Did you know?
Australia's modern public infrastructure (housing, water and sanitation) and ready supply of quality controlled food and medicines result in Australian residents generally enjoy a high level of good health. The technical and scientific skills of Western medicine are used in hospitals and by general practitioners to prevent, examine and treat ill health.
All immigrants are required to undergo a pre-entry health examination to ensure diseases (such as yellow fever and avian influenza) are not introduced and that Australians stay healthy. Strict quarantine laws and isolation from the rest of the world also contribute to Australia's status as a relatively disease-free country.
Australia's unique environment can pose a danger in the form of snakes, spiders and sunburn.
Snakes are only usually seen during warm weather. Spiders and snakes don't usually attack unless they feel threatened by you, so it is important not to move towards or touch snakes or spiders in their natural habitat - some species have a painful bite that if untreated can be deadly. If you are bitten by a snake or spider, take note of its colour and markings (to help determine the species and therefore your treatment) and telephone Poisons Information on 13 11 26 immediately.
The heat of the Australian sun can be quite a shock to some visitors. Uncovered skin can become badly burned in only 20 minutes of sun exposure. When outdoors it is important to wear a hat, sunglasses and apply (and regularly reapply) sunscreen (30+ protection factor) to any exposed skin. If you are spending time in the outdoors in the summer months you should also stay well-hydrated by drinking water, staying under shade and avoiding strenuous physical exertion. Not only will you avoid sunburn, but also conditions such as heat exhaustion and heatstroke, which occur when the body cannot effectively cool itself.
Emergency Health Care
The freecall emergency services telephone number in Australia is 000. Interpreter support is available when dealing with health services. You can ask the health service to arrange an interpreter for you.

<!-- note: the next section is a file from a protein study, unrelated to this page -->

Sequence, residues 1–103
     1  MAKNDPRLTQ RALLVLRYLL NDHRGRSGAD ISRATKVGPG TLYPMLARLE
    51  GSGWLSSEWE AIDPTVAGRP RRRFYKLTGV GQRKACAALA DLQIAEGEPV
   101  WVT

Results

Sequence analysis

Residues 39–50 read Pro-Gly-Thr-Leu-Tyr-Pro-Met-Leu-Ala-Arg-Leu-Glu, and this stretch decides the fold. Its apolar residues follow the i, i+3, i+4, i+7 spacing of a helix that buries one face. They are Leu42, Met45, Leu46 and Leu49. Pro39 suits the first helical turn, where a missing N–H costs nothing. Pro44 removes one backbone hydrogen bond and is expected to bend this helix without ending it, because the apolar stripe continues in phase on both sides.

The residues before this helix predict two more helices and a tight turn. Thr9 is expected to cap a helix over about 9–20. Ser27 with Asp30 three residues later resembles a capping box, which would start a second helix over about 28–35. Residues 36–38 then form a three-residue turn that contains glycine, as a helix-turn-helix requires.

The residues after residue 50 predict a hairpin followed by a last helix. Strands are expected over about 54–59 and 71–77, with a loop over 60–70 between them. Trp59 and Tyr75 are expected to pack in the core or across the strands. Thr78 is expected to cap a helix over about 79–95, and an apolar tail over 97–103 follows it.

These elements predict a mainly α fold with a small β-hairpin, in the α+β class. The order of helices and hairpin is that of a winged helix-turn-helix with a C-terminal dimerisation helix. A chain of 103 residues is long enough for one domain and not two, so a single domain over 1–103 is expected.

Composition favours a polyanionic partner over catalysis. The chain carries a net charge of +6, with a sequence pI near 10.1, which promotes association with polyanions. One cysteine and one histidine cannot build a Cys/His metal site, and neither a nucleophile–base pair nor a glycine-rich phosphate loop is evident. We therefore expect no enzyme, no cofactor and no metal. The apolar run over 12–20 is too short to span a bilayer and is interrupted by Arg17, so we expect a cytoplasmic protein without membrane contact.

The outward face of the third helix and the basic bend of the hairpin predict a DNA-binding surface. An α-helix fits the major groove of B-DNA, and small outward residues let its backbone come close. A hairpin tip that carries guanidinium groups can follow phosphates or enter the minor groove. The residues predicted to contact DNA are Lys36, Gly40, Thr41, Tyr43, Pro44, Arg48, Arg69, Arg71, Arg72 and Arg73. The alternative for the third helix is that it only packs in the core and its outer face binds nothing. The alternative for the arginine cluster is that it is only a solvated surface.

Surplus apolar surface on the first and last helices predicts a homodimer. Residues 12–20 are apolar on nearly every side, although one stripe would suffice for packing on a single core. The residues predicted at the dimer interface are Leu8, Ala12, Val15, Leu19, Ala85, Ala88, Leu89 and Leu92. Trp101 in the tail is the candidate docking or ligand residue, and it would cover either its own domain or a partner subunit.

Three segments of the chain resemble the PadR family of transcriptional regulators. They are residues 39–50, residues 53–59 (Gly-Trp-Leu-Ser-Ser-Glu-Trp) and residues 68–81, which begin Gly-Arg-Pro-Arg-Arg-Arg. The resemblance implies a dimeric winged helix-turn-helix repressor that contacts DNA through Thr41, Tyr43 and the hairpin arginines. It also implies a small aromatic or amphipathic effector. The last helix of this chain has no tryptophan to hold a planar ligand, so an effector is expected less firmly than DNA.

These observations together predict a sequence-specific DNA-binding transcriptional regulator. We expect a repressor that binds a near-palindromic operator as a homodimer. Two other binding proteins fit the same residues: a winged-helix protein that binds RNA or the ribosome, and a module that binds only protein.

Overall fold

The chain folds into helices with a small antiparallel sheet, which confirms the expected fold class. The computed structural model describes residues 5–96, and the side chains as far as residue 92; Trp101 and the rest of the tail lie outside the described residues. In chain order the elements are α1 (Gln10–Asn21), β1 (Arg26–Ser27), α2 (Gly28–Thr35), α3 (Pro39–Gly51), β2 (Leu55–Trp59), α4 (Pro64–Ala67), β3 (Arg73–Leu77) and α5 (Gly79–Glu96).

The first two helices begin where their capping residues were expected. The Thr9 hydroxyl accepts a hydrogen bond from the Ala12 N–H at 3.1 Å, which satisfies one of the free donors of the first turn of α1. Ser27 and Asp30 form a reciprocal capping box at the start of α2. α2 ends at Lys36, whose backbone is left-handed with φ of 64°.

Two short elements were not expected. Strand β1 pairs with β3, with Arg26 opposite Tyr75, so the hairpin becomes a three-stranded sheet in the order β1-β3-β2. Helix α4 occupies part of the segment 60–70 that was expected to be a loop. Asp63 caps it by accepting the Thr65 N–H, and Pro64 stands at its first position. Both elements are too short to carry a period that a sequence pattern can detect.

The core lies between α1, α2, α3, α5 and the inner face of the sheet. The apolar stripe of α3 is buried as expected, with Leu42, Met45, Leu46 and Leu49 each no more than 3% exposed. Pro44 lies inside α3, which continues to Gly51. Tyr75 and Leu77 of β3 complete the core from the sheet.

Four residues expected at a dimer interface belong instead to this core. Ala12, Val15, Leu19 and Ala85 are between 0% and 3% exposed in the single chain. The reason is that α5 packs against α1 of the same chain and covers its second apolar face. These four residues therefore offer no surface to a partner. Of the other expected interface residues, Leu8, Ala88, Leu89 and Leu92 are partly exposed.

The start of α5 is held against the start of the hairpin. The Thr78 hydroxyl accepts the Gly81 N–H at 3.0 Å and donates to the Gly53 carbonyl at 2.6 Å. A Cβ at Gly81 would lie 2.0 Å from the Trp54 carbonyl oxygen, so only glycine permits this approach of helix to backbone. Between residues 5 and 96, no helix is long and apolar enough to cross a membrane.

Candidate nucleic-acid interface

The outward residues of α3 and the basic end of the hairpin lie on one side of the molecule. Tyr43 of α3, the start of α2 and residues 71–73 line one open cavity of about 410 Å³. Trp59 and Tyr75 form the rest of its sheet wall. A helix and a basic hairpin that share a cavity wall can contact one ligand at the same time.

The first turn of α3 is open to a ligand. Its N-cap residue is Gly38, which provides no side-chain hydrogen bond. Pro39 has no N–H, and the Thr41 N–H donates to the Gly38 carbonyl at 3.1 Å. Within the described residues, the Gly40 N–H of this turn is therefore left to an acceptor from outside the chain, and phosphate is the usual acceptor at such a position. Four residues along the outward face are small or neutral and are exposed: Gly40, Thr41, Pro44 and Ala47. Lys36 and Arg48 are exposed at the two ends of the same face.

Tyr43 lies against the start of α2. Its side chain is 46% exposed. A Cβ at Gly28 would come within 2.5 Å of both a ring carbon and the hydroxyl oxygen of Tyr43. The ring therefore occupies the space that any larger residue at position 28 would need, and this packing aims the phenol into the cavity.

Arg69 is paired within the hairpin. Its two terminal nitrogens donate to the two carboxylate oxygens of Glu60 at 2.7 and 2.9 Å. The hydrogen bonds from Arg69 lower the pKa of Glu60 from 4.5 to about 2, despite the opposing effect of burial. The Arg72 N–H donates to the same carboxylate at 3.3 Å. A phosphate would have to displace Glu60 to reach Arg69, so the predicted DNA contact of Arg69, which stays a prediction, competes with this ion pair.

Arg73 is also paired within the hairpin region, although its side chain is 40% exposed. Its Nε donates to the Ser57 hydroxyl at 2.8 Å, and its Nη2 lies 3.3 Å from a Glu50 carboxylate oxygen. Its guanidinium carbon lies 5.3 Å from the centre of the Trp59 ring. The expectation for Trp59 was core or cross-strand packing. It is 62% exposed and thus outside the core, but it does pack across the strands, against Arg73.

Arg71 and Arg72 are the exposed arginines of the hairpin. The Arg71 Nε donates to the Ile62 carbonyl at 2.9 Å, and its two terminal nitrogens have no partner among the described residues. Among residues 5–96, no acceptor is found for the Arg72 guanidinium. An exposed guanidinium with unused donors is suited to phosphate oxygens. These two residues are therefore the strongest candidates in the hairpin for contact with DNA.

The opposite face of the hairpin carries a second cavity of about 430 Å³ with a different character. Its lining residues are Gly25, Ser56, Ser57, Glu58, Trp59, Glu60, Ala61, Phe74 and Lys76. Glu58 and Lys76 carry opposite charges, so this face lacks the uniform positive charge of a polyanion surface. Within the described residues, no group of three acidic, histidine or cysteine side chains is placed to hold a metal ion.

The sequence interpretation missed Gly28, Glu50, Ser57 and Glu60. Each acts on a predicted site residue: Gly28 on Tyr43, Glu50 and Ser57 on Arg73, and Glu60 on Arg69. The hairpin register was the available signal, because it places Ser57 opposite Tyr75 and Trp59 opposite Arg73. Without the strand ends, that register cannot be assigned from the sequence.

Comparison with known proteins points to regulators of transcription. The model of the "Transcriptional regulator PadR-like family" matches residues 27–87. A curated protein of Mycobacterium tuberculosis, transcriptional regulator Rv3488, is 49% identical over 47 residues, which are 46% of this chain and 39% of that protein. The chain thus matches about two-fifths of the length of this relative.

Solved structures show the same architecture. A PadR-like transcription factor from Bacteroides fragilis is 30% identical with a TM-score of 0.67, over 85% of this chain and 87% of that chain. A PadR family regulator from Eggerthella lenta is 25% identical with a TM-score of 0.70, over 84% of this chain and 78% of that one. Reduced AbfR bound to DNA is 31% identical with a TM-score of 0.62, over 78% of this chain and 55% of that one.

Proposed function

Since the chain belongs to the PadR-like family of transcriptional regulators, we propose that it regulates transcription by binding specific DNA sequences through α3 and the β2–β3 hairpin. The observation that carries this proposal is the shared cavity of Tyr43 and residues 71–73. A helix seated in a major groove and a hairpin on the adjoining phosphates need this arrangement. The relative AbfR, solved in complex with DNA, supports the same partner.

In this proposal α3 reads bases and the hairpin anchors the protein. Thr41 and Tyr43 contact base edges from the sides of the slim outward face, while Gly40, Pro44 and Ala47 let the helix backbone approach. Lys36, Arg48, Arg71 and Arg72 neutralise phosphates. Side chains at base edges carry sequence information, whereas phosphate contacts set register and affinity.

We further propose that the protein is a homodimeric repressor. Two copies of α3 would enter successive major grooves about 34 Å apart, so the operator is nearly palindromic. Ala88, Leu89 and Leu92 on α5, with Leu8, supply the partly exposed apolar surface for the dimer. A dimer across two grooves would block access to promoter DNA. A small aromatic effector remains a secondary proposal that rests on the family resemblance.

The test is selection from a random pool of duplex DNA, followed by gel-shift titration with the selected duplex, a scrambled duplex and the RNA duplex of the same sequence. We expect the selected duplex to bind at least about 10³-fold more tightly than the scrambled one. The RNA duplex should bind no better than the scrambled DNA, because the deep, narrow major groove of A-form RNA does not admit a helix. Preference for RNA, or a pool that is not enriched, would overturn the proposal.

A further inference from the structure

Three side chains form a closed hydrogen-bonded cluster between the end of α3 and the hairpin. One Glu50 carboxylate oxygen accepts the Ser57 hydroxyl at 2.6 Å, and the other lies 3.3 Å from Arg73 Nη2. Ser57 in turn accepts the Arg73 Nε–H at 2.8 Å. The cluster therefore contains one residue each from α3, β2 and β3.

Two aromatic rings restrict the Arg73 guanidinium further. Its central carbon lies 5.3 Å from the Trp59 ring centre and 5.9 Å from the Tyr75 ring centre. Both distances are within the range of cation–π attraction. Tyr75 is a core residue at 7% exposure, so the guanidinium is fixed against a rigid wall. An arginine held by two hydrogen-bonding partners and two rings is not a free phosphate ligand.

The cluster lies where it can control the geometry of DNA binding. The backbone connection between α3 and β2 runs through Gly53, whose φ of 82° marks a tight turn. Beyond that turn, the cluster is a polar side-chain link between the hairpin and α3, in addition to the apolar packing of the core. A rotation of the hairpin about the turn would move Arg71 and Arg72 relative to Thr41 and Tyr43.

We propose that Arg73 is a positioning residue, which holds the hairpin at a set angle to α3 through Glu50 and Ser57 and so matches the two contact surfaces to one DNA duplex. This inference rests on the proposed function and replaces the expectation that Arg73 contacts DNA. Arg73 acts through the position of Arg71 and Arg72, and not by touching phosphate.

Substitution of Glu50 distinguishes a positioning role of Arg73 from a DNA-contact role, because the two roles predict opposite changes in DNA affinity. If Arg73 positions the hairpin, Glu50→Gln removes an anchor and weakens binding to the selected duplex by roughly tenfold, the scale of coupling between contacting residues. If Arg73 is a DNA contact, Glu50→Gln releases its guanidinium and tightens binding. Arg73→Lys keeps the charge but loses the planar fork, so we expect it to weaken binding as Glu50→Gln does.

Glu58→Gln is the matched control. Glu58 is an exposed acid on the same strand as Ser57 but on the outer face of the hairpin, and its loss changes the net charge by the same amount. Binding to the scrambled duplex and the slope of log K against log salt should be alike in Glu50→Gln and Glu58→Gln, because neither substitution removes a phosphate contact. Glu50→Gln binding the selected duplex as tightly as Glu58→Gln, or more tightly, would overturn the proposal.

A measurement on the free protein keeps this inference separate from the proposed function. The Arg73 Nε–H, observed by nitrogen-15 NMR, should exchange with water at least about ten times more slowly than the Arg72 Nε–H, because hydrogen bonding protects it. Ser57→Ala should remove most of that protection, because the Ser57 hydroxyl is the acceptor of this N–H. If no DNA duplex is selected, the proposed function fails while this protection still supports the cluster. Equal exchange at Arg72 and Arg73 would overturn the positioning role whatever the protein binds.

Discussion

If you require emergency health care, you may be taken to hospital in an ambulance. This service is not free and not covered by Medicare, but may be included in private health cover. You can also access medical transport insurance through the South Australian Ambulance Service (SAAS).
Australia's Health Care Systems
Public Health Care
The Australian health system delivers high quality care at reasonably low costs through Medicare, which provides free access to public hospitals, concessions on visits to doctors, and subsidised prescription medication through the Pharmaceutical Benefits Scheme. New Zealand residents, permanent resident visa holders or persons who have applied for permanent residency and have either a valid Australian working visa, a visa and parent/spouse/child or have permanent residency status can apply. Medicare Australia also has reciprocal health care agreements with some countries should you become sick while visiting Australia. See the Medicare Australia website for more information in a variety of languages.
Private Health Care
Medicare does not cover all health services and private health care can be expensive. Some Australian health funds will provide health insurance cover for overseas visitors. With private hospital care you may have choices such as which hospital you are admitted to and access to a private room. See the Australian Department of Health & Ageing website for more information.
For further comprehensive information about healthcare in Australia, see the DIMA website.
University Health Care Services
The University Health Service is part of Parklands Medical Practice on the North Terrace campus and provides General Practitioner services.
The University also provides the Employee Assistance Program which provides free short term counselling assistance to employees experiencing personal difficulties, whether at work or outside of work.
For general health resources take a look at the University Occupational Health & Safety unit's Health Promotion website.
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